U.S. Fish and Wildlife Service
134 Union Boulevard
Lakewood, Colorado 80228
March 10, 2008
Contacts: Shawn Sartorius 406-449-5225 ext 208
Diane Katzenberger 303-236-4578`
Endangered Species Act Protection for Wolverine Not Warranted
The U.S. Fish and Wildlife Service has determined that protecting the wolverine in the contiguous United States as a threatened or endangered species under the Endangered Species Act (Act) is not warranted. However, the Service will continue to seek new information regarding the status of the wolverine and continue to support cooperative conservation efforts to benefit the species in its native range.
The wolverine is the largest land species of the Mustelidae, or weasel family, with adults weighing 17 to 40 pounds. In appearance, it has more characteristics of a small bear than a weasel, and feeds primarily by scavenging on carrion. In North America, wolverines occur in a variety of habitats, primarily boreal forests, tundra and western mountains throughout Alaska and Canada, with the southern portion of the range extending into the contiguous United States.
When considering whether to add a species to the federal list of threatened and endangered species, the Service has the authority under the Act to determine whether a portion of a species’ or subspecies’ population or range can be designated as a distinct population segment.
A distinct population segment (DPS) must be geographically discrete from other populations and also be significant to the survival of the species. “Discrete” refers to the isolation of a population from other members of the species and is evaluated based on specific criteria.
After reviewing the best available scientific and commercial information, the Service has determined that the wolverine population in the contiguous United States is not discrete, because it is not separated from wolverine populations in Canada, and is likely dependent on them to some degree for maintaining genetic diversity.
After determining that the wolverine population in the contiguous United States did not constitute a DPS, the Service analyzed whether it would constitute a significant portion of the range of the North American wolverine subspecies. The Service determined that the contiguous United States population of wolverine does not significantly contribute to the Canadian and Alaskan wolverine populations’ ability to maintain their genetic diversity and viability and, therefore, does not warrant further listing consideration.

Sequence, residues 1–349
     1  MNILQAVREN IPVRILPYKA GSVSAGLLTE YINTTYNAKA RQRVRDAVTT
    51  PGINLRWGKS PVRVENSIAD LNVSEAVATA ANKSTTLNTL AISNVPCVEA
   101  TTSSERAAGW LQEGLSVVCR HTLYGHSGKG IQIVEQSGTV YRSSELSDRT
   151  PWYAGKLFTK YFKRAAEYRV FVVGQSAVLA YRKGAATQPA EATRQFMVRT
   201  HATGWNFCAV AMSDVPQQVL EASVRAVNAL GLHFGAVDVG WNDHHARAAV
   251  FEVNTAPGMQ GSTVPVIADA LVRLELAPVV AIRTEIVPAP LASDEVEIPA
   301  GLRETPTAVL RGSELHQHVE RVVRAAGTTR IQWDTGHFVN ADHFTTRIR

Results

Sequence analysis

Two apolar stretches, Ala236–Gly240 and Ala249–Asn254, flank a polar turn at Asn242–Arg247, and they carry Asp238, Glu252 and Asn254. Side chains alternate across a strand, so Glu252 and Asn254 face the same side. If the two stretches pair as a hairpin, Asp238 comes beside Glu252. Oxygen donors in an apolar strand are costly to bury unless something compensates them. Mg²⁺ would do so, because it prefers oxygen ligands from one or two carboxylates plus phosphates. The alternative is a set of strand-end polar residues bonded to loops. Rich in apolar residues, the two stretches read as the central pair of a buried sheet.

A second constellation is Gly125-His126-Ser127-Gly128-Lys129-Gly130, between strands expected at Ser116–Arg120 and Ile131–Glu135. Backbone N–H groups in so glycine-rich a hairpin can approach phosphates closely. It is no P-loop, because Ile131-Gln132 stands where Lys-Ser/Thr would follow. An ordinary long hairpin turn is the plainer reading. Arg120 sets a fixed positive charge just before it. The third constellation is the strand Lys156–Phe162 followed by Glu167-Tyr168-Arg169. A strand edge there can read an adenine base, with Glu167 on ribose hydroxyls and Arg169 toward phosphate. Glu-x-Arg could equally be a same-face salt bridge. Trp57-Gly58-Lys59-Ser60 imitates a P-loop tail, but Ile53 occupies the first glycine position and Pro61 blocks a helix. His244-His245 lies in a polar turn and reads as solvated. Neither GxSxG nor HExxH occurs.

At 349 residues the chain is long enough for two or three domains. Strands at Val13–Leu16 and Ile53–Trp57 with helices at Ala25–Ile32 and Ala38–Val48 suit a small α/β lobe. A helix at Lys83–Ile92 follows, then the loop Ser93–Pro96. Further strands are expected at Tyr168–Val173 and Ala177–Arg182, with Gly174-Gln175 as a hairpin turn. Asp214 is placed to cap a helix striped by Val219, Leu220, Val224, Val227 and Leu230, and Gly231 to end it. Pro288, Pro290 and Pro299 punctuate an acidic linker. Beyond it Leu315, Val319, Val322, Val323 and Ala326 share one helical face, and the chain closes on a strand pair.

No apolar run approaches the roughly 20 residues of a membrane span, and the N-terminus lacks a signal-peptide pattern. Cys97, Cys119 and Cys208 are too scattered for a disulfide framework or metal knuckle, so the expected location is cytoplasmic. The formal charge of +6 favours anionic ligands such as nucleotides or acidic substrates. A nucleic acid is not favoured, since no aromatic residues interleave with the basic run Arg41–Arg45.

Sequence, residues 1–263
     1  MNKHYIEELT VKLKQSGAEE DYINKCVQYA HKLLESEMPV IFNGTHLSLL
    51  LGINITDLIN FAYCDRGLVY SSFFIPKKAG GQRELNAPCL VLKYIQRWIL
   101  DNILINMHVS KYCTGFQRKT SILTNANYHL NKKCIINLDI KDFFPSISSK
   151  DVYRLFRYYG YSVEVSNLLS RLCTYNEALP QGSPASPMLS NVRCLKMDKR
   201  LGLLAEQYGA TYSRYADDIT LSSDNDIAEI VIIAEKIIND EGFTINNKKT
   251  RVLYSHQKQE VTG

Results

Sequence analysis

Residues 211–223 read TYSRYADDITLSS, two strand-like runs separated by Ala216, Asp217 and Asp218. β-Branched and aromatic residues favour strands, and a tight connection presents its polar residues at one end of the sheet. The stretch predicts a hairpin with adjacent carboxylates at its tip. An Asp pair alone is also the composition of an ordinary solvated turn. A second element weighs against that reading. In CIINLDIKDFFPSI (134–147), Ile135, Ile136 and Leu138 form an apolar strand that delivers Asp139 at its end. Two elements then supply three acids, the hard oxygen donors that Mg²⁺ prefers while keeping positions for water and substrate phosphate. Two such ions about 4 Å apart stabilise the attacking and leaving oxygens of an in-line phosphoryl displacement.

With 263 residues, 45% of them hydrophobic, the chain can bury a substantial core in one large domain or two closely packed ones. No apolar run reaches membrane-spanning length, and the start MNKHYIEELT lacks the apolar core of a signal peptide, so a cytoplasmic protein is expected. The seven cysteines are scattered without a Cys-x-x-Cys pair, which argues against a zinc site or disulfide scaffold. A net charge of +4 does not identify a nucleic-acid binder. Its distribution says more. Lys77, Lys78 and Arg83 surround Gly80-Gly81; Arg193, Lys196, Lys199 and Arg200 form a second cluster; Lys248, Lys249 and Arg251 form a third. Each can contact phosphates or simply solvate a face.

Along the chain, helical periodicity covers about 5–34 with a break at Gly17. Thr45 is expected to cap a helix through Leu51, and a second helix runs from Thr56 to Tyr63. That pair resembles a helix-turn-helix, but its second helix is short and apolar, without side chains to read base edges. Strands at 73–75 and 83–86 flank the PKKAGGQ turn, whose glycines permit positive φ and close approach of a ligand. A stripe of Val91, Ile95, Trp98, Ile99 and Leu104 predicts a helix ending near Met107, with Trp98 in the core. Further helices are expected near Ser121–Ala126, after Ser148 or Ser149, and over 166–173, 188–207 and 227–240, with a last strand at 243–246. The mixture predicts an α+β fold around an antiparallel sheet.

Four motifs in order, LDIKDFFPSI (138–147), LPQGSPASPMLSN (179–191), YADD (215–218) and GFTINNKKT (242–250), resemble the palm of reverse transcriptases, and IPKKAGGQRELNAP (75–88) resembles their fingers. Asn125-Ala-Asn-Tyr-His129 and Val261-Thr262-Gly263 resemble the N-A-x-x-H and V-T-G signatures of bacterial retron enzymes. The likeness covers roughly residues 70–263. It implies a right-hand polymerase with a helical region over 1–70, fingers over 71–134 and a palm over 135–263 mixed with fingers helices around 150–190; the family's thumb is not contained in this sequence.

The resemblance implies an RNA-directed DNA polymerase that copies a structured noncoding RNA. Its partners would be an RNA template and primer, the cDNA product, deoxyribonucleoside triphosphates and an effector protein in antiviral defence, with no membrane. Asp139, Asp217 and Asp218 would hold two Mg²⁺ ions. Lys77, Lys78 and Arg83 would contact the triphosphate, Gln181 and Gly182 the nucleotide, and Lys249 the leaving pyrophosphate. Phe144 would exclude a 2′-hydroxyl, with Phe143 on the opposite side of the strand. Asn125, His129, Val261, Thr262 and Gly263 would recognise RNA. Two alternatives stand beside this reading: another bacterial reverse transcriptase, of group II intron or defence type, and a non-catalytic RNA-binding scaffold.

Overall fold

Assessing historical and recent distribution data, the current range of the wolverine is found to be the northern Cascades in Washington (and possibly Oregon), and the northern Rocky Mountains in Idaho, Montana, and Wyoming. The species was likely driven from the Sierra Nevada and the southern Rocky Mountains with the early westward expansion of settlers.
In 2000, the Service was petitioned by the Biodiversity Legal Foundation and others to list the North American wolverine within the contiguous United States as a threatened or endangered species. In 2003, the Service published a finding that the petition did not present substantial information indicating that listing was warranted. The Defenders of Wildlife filed a lawsuit in 2006 alleging the Service used incorrect standards to assess the petition, and the Montana U. S. District Court ordered the Service to conduct a new status review by February 28, 2008.
This finding will be published in the Federal Register on March 11, 2008.
The mission of the U.S. Fish and Wildlife Service is working with others to conserve, protect and enhance fish, wildlife, plants and their habitats for the continuing benefit of the American people. We are both a leader and trusted partner in fish and wildlife conservation, known for our scientific excellence, stewardship of lands and natural resources, dedicated professionals and commitment to public service. For more information on our work and the people who make it happen, visit <www.fws.gov>.
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